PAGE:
That's because people are moving to the south and southwest, from the midwest and to some extent the northeast. I'm not sure it's fair to use the red vs. blue state comparison though. Sure Texas is still a red state, but is North Carolina? What about Virgina, New Mexico, Nevada or Florida? Those states are all gaining at a relatively faster rate and I don't consider them to be either red or blue. A true blue state is like New York or California, a true red state is Oklahoma, West Virginia, or Mississippi - I don't think any of those states are gaining population in an abnormal way.

whatever
whatever

But Greg, isn't this from you again false about median income 2000-'10 inflation-adjusted?

greg>"it out performed the nation big time in that same span"

Didn't my previous comment show the opposite - Buffalo under performing the nation in that same time span? Dropping 3.3% here while nationally it dropped 2.4%?

It's in your previous article, linked in my comment above.

I'll paste it here for convenience -

http://www.buffalorising.com/2012/06/buffalo-a-smarter-wealthier-city.html#comment-123703

whatever>"Greg, ok even if we ignore before 1999/2000 and also compare to state & national, what I'm still wondering is about the claim of Buffalo being "wealthier" when median household income dropped here more than in NY state and U.S. through 2010.

Wealthier than what, when, compared to who?

(if you said that already somewhere, I'm overlooking it)

Didn't Buffalo/city median income drop by 3.3% from 2000-2010 (27,827 to 26,907 using consistent 2005 $), while nationally it dropped less (2.4%) and statewide rose slightly (1.2%)?

Buffalo median household income (inflation-adjust to 2005 $)

2000: $27,827 (convert from $24,536)

2010: $26,907 (conv from $30,043), down 3.3%

and for NY state & national (also from census & converted to 2005 $)

NYS 2000: $49,214 (conv from $43,393)

NYS 2010: $49,800 (conv from $55,603), up 1.2%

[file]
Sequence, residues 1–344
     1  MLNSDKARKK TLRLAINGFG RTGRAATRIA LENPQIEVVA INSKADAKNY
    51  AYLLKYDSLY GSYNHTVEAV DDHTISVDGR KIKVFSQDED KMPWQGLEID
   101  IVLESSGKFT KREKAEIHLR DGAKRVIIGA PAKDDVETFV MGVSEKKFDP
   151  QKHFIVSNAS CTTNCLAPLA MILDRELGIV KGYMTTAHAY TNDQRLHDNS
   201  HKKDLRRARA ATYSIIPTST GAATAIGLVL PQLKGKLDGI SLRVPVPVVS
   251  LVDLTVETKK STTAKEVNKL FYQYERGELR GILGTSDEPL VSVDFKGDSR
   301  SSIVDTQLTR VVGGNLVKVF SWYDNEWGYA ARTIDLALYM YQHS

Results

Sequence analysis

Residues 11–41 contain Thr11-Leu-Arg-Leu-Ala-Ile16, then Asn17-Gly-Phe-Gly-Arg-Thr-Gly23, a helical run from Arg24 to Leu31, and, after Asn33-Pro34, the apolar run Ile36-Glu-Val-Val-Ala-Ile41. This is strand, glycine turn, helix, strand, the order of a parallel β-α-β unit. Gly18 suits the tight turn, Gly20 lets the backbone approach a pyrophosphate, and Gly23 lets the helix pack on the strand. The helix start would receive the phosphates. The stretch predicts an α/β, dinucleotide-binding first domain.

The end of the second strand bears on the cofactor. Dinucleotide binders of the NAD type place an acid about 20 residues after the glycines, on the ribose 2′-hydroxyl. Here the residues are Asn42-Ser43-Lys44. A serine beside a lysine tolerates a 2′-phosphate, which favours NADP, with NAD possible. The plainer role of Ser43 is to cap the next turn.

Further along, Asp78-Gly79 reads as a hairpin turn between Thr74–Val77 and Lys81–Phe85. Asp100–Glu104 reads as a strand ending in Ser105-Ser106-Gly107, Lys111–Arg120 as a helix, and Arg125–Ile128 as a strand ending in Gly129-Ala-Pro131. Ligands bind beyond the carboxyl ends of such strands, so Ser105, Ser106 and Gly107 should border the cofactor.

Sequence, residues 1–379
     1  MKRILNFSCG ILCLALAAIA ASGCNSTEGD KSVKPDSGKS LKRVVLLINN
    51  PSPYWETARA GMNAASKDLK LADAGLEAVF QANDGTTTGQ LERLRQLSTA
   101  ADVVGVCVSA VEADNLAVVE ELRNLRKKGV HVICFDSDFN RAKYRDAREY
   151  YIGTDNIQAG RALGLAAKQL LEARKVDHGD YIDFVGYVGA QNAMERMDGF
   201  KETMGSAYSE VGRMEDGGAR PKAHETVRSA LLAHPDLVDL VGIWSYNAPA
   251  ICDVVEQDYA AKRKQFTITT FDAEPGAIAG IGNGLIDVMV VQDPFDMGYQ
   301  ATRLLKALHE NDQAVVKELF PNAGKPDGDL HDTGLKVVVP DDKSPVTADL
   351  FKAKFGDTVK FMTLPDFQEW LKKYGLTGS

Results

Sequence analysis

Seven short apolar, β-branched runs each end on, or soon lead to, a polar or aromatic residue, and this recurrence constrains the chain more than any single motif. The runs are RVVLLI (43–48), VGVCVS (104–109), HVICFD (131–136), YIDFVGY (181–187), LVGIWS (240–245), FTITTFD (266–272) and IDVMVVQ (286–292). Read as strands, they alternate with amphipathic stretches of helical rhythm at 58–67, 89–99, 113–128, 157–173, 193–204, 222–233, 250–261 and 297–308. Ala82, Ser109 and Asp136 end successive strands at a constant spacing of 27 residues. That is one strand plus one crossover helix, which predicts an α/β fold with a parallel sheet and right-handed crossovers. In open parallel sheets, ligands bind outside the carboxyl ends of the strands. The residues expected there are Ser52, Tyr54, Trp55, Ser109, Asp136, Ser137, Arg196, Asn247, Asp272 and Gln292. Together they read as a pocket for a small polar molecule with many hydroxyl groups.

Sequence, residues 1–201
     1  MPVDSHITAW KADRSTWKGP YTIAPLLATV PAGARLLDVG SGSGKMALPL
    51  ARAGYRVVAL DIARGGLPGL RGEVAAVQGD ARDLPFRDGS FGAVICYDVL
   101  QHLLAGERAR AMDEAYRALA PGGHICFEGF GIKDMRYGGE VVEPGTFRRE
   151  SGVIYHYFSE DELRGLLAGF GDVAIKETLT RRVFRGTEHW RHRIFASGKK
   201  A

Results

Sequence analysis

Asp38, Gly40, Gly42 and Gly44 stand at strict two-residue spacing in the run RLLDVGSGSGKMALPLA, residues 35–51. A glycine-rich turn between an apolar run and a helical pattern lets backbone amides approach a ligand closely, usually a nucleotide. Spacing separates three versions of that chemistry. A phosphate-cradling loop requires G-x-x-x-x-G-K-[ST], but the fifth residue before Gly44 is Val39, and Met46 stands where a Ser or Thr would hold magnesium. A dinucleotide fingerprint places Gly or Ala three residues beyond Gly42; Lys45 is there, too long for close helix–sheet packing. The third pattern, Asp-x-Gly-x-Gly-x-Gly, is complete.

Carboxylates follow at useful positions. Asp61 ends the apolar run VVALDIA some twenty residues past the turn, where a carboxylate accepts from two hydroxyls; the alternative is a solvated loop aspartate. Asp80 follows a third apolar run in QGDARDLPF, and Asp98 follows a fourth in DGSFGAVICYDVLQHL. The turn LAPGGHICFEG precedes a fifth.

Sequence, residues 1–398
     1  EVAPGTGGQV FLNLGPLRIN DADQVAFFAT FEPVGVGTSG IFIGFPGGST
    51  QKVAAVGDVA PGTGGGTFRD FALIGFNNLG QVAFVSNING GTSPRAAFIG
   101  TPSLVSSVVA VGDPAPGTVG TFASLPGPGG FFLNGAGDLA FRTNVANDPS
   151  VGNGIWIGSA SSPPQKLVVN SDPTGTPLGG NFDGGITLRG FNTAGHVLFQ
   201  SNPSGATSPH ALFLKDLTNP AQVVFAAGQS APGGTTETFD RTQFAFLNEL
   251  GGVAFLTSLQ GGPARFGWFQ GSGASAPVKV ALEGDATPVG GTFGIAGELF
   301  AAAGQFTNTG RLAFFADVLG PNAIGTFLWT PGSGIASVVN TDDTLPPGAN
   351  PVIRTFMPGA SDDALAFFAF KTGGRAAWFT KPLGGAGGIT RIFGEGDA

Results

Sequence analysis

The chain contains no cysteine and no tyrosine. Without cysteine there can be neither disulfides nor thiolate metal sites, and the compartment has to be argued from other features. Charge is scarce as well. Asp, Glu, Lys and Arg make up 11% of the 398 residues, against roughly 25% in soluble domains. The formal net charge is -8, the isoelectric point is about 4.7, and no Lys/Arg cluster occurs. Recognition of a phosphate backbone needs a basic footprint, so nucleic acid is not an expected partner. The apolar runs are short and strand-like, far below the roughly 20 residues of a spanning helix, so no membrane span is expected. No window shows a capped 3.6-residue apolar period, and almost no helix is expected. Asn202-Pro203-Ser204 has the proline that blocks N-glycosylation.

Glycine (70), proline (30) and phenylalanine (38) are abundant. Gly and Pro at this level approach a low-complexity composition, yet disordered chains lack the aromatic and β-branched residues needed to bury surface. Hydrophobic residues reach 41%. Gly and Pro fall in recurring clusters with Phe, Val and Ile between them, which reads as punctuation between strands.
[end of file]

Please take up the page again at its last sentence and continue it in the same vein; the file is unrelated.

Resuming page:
U.S. 2000: $47,627 (conv from $41,994)

U.S. 2010: $46,496 (conv from $51,914), down 2.4%

I used 2005 as a $ reference since that first site I linked before did, but percents should be same no matter which year used in http://www.bls.gov/data/inflation_calculator.htm

sources for 2000/1999

income NYS & U.S., pg 3 of http://www.nyssbdc.org/resources/NYS_stats.pdf

income Buffalo http://www.city-data.com/city/Buffalo-New-York.html

If that site you used lets a different time frame be used which shows Buffalo's income rising and doing better than NYS and the U.S. over some set of years in consistent $, I'm just wondering which years those are? Not saying it's impossible, just don't see which years you're saying it happened for - if that's what you're saying."

? So, are you talking about different years when you claim Buffalo "out performed the nation big time"?

Which years?

Buffalo All Star
Buffalo All Star

I wouldn't call it a hot city...you've got to have a great reputation to be a hot city..if theres one thing Buffalo DOES not have is a great reputation. As stated above..theres a long way to go with some of the core issues and an even longer way to go in the marketing sector.

2 things...the environment. If offers whats not possible/available in the suburbs and those critical elements of "successful" cities. Walkability, mixed use districts, entertainment, quality public spaces etc. What attracts the young to other cities..(belive it or not) is available here.

2ndly its cheap...you can afford to buy. If youre lucky enough to find a decent job you pretty much have your pick of the litter. Theres a pretty solid sense of community..I rent and I know neighbors from other buildings. Growing up in the suburbs was a different story..its definately a much more welcoming environment.

urbanboarder
urbanboarder

Here is an interesting statistic from a Washington Post placing Buffalo at #36 in the nation ranked by the estimated annual net migration of people age 25-34. The 2008-10 numbers were recently released..